Tuesday, April 12, 2005
Protecting One Of Their Own
Cornyn made news by suggesting a link between recent violence toward the judiciary and people's anger and disgust over decisions by judges. Activist judges have been a favorite theme of DeLay.
The senator did not suggest that such violence would be justified by people's anger, but in the wake of recent violence in both Atlanta and Chicago, this is a sensitive subject to which Cornyn appeared tone-deaf.
Fortunately, there is no evidence of a link between violence against the judiciary and so-called activist judges, as the senator later conceded.
The MSM, predictably, was horrified by Cornyn's remarks, as were some local bloggers, see here and here. Fair enough, but where were these same folks when Paul Krugman implied (registration required) that conservatives in this country might assassinate those they oppose:
America isn't yet a place where liberal politicians, and even conservatives who aren't sufficiently hard-line, fear assassination. But unless moderates take a stand against the growing power of domestic extremists, it can happen here.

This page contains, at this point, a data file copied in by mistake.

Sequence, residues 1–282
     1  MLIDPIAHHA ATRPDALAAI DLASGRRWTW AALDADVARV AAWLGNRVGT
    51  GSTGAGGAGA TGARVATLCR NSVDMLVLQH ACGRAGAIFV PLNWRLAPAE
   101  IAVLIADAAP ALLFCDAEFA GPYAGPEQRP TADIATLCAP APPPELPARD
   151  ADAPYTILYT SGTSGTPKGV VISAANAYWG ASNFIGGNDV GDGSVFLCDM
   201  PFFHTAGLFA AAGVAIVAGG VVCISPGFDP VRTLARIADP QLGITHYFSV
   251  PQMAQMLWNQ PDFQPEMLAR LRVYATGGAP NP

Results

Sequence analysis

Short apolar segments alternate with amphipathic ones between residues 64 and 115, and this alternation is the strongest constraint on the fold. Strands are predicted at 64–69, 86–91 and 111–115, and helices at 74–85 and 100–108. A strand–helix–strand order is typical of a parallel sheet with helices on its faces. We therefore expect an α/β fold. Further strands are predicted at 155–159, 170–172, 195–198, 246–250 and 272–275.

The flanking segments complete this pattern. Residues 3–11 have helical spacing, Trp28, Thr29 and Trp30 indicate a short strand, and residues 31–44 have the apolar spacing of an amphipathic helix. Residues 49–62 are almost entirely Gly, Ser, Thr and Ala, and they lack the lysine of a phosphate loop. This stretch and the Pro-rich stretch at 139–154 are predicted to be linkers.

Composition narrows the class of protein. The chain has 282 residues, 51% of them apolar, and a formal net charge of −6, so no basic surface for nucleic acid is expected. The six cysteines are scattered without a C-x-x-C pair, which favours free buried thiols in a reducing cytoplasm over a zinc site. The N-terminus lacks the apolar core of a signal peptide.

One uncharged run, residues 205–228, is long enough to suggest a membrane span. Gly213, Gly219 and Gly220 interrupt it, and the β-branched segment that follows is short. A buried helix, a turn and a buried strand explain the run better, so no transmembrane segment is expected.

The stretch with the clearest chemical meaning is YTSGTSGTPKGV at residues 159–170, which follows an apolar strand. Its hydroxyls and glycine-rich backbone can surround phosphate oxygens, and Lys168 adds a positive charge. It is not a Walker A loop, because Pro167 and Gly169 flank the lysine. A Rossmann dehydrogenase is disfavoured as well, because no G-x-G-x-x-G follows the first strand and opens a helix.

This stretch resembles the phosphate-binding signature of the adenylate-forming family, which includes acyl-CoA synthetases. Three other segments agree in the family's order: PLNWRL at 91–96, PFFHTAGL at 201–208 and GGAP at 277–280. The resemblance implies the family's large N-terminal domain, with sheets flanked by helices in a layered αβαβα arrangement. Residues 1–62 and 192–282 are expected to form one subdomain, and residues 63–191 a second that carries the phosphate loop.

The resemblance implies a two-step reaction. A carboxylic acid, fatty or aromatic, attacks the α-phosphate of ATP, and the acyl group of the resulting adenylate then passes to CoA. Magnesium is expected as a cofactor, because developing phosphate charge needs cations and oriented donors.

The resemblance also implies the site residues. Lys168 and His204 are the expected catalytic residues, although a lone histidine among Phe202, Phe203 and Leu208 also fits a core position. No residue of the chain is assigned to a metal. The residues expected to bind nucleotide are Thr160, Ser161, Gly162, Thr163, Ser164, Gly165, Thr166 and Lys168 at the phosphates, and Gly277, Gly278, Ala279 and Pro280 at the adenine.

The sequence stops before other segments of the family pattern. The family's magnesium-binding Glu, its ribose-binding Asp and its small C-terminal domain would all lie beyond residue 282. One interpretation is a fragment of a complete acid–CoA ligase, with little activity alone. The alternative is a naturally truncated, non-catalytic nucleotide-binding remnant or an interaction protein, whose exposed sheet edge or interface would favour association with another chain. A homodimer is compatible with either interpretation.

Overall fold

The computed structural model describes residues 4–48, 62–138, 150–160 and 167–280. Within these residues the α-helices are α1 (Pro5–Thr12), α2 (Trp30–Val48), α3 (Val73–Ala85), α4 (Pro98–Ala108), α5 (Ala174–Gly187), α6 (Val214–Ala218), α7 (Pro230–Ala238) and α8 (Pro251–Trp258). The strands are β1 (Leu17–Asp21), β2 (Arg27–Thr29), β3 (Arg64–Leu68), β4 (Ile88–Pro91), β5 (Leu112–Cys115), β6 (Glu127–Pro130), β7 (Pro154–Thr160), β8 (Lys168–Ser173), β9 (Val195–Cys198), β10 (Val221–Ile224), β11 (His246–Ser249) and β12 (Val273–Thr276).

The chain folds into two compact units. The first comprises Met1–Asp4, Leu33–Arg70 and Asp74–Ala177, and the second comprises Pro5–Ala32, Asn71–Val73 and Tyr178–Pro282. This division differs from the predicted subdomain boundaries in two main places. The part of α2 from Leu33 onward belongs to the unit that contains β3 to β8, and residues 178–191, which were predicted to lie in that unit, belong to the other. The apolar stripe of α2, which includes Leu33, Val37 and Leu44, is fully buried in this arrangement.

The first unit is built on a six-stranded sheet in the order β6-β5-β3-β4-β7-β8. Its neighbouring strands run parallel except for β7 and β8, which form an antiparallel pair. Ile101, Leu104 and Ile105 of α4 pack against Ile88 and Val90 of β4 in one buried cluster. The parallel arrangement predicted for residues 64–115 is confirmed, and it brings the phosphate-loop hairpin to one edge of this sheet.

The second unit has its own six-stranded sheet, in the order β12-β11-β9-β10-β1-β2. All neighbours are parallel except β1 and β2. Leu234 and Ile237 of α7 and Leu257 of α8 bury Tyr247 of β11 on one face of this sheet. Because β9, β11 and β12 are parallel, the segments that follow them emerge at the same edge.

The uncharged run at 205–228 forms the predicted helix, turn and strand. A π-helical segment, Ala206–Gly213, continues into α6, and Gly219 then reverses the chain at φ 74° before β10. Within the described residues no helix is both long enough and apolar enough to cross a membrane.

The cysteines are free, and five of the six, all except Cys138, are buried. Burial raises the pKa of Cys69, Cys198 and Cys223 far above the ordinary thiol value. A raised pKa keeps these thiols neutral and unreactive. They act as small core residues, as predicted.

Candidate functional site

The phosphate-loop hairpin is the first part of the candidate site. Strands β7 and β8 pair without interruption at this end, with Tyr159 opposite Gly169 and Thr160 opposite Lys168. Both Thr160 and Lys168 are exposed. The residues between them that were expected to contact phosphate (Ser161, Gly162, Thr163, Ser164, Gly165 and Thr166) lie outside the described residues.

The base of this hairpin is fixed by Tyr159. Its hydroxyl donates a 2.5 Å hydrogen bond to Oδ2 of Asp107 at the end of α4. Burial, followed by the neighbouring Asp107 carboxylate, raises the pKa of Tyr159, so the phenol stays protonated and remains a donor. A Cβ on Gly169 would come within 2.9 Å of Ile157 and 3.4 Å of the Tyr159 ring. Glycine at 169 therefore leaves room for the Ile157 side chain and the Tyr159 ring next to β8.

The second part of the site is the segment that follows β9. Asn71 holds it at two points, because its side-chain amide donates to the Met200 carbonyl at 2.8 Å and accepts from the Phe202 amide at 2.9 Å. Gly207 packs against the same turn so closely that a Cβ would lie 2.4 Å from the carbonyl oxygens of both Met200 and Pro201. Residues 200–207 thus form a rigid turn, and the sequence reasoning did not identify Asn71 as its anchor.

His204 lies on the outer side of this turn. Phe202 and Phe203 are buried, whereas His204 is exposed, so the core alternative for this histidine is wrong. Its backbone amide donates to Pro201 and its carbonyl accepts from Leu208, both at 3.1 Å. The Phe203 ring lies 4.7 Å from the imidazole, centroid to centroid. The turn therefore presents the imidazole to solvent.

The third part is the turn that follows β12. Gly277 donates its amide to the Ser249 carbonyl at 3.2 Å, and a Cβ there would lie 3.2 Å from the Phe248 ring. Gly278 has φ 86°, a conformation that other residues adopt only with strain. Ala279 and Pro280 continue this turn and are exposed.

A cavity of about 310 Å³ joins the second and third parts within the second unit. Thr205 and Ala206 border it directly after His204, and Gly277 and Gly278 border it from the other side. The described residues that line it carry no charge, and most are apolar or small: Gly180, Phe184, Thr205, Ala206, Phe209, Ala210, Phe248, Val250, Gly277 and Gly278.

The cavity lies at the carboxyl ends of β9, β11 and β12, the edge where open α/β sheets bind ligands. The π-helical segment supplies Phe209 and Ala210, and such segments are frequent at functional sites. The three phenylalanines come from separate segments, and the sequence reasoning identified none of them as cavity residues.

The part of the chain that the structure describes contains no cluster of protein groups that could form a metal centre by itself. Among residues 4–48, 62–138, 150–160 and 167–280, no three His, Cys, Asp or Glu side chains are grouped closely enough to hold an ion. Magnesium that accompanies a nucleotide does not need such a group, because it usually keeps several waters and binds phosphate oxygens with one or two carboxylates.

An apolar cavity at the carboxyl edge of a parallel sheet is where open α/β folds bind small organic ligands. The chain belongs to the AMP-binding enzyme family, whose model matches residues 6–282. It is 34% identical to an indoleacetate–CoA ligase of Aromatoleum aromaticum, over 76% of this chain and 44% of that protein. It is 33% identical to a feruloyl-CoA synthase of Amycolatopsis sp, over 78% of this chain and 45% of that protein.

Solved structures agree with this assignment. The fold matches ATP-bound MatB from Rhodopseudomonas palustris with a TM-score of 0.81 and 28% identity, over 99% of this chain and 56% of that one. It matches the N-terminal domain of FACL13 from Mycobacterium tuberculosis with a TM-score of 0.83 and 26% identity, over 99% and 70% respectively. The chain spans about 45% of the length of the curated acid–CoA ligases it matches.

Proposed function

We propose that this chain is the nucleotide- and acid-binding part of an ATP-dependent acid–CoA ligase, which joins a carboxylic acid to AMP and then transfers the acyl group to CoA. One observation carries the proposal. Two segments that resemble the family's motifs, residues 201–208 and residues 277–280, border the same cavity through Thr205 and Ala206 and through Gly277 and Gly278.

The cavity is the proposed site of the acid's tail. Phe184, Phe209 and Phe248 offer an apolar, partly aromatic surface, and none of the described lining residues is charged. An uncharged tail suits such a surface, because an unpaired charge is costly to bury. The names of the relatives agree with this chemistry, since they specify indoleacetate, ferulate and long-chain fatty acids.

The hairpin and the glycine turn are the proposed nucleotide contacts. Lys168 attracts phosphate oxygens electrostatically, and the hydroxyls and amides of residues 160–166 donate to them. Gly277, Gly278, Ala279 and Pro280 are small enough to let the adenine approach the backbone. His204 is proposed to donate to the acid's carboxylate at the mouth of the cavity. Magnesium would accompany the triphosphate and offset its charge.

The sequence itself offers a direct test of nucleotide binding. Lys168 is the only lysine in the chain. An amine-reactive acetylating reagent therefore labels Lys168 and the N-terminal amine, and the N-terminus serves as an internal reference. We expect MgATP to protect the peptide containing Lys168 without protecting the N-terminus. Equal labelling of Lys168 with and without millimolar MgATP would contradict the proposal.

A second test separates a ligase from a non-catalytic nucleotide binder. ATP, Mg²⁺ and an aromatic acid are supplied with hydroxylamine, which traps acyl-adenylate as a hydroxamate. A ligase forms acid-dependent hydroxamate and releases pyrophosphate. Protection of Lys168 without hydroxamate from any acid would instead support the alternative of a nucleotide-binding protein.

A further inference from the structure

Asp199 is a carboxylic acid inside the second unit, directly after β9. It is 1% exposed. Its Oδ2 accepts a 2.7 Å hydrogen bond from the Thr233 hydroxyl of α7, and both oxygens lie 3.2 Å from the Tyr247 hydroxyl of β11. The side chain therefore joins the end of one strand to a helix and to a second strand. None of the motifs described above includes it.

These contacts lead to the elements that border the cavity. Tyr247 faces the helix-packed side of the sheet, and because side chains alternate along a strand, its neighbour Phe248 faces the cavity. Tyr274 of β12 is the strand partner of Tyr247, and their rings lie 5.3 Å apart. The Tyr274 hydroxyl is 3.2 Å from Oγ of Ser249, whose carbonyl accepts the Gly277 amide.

Krugman's claim is much more direct than Cornyn's statement, and yet there was nothing but silence from the left. For the record, soon after Cornyn made his statement I criticized them as, well, stupid.
If Krugman had said something along the lines of what Cornyn said it would have gone like this:
Liberal politicians had better change their ways and stop doing things that annoy domestic extremists or else they might be assassinated.
The two statements aren't comparable.
I don't want to be too techinical here, but hogwash! I think what they both said was inflammatory and indefensible, and yet the left tries to defend Krugman anyway.
Anyway, I never saw that comment from Krugman until now (I haven't been reading his columns much lately). But now that you've drawn my attention to it, it does appear fundamentally different from Cornyn's. Unless you're suggesting that Krugman was trying to rationalize violence against liberal politicans. Given Krugman's political persuasion, that seems far-fetched.